http://www.marxists.de/russrev/trudell/civilwar1.htm

The piece that I mainly take problem with this source though is it sources E.H. Carr a popular writer before Robert Conquest, who has gotten a fair share of criticism for his views on the Soviets being "too positive". There is enough evidence to suggest a blockade existed. It really mainly stems to how long it lasted.
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Re: The Golden Blockade of 1925

Postby Gawdzilla Sama » Thu Oct 05, 2017 4:10 pm

Never heard of any blockade.
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Re: The Golden Blockade of 1925

Postby Denying-History » Thu Oct 05, 2017 4:45 pm

Yeah, its rather new to me... All reading that I have had before suggests that Gold was still an export during the time. The article obviously has some hint of truth to it, but how much of it is true is hard to find out.
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Re: The Golden Blockade of 1925

Postby Gawdzilla Sama » Thu Oct 05, 2017 4:59 pm

Yeah, the hint of truth is that 1929 was an actual year. After that it goes to {!#%@}.
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Re: The Golden Blockade of 1925

Postby Denying-History » Thu Oct 05, 2017 5:24 pm

This all really depends though, the 2nd source argues it was gold in general as payment, while the first article argues it was ether "gold as payment" and the "Soviet Golden Chervonets" (A stolen currency from the Tsarist empire.)

The first one is completely irrational under the condition that gold could used as payment for supplies from Germany from the start of 1931. The 2nd piece may be true if the English actually were not accepting gold coins, which would make some sense considering they were actually in depression, but it however makes little sense though considering that if only the English were blockading them (and not Weimar Germany) then they would have someone who was accepting their trade offers.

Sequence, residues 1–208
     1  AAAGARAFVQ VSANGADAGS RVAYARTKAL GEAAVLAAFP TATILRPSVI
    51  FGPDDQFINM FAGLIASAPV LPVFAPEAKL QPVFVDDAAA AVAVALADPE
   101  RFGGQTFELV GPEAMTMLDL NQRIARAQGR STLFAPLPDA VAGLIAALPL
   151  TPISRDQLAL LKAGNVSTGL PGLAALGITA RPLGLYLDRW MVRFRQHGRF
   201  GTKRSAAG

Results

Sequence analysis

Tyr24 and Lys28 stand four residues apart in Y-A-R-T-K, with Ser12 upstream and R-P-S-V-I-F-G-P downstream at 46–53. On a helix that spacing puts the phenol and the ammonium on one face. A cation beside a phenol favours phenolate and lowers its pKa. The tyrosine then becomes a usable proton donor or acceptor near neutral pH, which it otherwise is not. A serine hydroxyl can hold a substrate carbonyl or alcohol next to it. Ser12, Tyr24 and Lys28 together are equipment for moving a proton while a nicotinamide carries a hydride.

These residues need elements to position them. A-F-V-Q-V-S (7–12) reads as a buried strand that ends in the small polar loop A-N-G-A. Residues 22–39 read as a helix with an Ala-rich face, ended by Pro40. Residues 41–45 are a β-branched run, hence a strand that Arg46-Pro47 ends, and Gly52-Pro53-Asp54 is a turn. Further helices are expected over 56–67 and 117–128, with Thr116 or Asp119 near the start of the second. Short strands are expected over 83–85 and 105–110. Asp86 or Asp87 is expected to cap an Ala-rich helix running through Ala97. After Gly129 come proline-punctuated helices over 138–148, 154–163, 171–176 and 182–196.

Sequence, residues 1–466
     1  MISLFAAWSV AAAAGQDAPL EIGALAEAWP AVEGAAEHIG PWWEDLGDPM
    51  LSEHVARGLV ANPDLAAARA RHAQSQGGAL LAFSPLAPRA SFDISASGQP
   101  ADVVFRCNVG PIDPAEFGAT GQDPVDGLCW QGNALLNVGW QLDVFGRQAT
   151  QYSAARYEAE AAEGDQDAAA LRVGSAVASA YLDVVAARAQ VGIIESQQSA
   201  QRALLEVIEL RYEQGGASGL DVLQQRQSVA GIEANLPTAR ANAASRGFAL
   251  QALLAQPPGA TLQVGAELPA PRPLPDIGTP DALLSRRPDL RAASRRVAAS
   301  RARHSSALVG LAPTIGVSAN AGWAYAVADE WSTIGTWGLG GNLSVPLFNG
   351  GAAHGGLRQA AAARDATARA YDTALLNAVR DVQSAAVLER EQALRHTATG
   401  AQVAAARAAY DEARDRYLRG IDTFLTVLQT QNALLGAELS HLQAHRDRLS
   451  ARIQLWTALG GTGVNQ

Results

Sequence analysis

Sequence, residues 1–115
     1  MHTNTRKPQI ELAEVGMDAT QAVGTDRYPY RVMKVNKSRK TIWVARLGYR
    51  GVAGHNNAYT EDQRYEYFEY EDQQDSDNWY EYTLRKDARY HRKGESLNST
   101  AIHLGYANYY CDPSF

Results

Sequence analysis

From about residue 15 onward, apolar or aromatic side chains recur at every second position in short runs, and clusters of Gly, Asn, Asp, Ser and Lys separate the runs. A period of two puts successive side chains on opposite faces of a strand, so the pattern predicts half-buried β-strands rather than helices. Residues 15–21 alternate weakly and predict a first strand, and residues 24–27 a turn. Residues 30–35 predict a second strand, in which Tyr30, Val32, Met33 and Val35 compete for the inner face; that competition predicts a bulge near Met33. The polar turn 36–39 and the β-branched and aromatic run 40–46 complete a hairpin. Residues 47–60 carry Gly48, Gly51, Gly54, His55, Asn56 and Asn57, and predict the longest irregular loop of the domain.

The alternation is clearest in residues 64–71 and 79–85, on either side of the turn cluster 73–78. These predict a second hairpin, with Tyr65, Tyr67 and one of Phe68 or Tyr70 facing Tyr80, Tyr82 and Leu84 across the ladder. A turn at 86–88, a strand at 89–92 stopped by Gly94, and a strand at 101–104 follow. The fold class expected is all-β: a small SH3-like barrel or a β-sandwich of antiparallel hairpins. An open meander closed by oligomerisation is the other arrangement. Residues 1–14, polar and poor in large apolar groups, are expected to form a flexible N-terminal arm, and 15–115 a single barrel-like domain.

I updated the first post with a bit more info from the article where he argues the English put an embargo on Soviet exports in April of 1933. A move that seems justified considering that Soviet dumping would have been driving down the prices world market.

All in all the Soviets dumped in total around 3,760,000 Tons of grain on the world market in 1932 and 1933. Enough to feed 13,019,139 million people for an entire year. (Based on the per-capita eating's of a Soviet peasant.) Form 1930 to 1933 they had dumped a grand total of 14,378,000 tons of grain enough to feed 49,784,359 people for a year.

During the famine in Ukraine a total of 263 Torsgin stores brought in 66 tons of Gold and 1,439 tons of Silver to the USSR economy.

http://ncua.inform-decisions.com/eng/files/also_gold_etc.pdf

I think what this brought in itself is descriptive on its own.
« Oral history is a complex field. After all, memory can be a distorting mirror, as anyone who has ever worked with memoir literature knows very well...They may be imperfect, and, at times, inaccurate as the narrator tries to cast himself in the most favorable light, but all sources are imperfect. Even an archival document reflects how the person who drafted it understood something and remains something less than the unvarnished truth. »
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Re: The Golden Blockade of 1925

Postby Gawdzilla Sama » Thu Oct 05, 2017 5:45 pm

Mr. Peabody was more entertaining.